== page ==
President Trump and congressional Republicans have pitched their tax plan as a boost for the middle class. "The rich will not be gaining at all with this plan," Trump told reporters during a meeting with lawmakers in mid-September.
But analysts at the nonpartisan Tax Policy Center who studied the proposal reached a very different conclusion. They predict that nearly three-quarters of the savings from the tax overhaul would go to the top 20 percent of earners — those making more than $149,000. More than half the savings would go to the top 1 percent — people who earn more than $732,800. The tax breaks are even more tilted to the wealthy by the 10th year of the overhaul, when the Tax Policy Center projects nearly 80 percent of the savings would go to the top 1 percent of earners.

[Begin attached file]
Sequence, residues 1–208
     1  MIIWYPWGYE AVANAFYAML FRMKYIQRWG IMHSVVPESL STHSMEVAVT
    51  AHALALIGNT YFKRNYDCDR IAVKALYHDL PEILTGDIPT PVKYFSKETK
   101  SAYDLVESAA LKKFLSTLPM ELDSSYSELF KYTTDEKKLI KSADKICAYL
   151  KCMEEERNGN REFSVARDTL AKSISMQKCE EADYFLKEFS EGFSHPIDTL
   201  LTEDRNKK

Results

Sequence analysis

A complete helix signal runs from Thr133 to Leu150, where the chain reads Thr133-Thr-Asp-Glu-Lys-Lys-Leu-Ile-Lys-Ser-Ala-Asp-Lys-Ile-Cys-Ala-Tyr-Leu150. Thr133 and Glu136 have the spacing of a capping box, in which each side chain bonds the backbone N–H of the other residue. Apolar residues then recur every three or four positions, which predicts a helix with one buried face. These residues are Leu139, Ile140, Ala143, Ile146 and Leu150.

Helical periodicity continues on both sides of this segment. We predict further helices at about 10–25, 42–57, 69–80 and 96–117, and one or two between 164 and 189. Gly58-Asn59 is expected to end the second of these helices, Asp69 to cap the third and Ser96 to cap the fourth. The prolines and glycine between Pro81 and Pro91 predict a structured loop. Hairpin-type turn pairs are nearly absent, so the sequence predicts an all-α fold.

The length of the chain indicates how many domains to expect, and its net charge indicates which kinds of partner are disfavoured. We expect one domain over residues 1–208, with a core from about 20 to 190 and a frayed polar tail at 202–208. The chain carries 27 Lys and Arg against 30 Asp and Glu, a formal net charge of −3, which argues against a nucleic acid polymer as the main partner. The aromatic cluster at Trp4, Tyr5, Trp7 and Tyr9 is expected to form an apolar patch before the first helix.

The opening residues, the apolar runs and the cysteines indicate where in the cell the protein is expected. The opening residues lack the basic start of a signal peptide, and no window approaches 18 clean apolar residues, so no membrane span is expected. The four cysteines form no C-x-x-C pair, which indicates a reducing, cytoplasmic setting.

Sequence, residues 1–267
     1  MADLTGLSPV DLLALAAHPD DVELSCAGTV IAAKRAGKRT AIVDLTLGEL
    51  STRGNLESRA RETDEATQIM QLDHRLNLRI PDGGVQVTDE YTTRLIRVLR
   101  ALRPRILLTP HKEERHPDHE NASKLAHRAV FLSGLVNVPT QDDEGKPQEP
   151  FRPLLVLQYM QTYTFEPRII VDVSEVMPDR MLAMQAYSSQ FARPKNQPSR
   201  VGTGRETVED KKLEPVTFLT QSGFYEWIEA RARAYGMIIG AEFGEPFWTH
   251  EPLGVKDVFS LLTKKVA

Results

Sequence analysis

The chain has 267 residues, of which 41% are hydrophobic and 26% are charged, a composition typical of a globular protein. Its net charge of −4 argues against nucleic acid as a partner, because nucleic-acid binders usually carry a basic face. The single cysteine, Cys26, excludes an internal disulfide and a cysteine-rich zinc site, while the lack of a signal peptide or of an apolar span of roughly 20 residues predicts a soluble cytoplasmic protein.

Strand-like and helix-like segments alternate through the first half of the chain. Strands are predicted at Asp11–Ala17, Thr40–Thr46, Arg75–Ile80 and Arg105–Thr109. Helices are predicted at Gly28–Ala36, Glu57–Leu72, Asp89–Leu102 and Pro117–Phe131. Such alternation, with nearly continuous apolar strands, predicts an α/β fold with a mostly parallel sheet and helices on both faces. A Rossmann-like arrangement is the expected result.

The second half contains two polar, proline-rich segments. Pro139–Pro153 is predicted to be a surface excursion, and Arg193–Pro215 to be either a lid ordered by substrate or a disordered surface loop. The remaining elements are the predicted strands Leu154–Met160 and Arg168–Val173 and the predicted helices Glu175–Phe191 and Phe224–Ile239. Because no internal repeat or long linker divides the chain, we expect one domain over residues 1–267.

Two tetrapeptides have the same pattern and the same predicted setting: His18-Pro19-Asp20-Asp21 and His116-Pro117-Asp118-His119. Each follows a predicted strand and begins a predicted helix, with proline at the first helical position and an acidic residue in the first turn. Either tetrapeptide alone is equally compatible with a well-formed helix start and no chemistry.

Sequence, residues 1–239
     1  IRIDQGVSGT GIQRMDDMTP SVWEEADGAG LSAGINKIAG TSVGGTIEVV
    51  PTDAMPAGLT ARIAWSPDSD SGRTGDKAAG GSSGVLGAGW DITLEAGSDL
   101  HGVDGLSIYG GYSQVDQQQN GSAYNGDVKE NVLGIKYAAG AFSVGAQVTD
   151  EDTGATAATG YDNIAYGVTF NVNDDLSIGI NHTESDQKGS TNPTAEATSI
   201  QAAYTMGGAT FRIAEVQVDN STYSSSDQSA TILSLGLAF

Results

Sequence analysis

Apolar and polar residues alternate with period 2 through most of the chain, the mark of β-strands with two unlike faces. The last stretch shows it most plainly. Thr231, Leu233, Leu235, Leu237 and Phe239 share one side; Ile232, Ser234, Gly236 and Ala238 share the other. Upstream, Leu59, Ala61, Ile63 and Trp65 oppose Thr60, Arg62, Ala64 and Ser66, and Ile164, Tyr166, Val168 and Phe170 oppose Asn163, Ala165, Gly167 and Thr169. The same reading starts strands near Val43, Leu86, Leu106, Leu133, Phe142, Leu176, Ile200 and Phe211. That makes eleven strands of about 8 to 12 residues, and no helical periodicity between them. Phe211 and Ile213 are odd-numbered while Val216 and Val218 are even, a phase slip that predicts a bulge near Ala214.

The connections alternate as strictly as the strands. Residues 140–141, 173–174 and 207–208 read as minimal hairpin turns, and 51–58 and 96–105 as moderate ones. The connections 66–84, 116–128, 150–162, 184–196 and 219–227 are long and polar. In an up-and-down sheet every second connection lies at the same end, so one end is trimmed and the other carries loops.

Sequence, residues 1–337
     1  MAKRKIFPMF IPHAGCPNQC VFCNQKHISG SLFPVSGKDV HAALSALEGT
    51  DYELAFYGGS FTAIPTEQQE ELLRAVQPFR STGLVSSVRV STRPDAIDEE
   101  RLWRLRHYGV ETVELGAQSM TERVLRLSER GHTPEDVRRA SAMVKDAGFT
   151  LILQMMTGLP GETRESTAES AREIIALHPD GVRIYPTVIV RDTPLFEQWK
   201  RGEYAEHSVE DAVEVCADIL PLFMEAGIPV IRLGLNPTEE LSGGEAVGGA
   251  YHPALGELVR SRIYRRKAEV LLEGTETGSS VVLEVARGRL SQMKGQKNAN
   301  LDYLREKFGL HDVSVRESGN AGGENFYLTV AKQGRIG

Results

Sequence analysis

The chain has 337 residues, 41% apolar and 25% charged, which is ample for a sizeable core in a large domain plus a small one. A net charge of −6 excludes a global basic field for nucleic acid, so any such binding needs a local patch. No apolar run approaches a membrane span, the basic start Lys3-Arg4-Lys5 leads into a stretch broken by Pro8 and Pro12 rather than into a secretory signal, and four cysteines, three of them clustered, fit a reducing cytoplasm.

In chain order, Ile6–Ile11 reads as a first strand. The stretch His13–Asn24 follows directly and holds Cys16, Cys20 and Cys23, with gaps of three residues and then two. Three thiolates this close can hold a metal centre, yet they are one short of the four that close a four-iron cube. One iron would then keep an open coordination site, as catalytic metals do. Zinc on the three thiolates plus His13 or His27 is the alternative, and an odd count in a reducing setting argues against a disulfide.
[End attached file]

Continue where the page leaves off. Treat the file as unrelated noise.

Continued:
Administration officials have tried to discredit the center's analysis, noting the tax plan is so far just a framework with many of the details still to be filled in by Congress. "All I can tell you is that no one can make real detailed analysis of the plan yet, because it's not finished," White House budget director Mick Mulvaney said Sunday on CNN's State of the Union.
The Tax Policy Center analysts acknowledge having to make some assumptions as they did their review. They based those assumptions on reasonable sources, including past Republican tax blueprints and the administration's own April outline. The center has promised to revise its forecast as lawmakers fill in the blanks of the tax plan. But the big picture is not likely to change.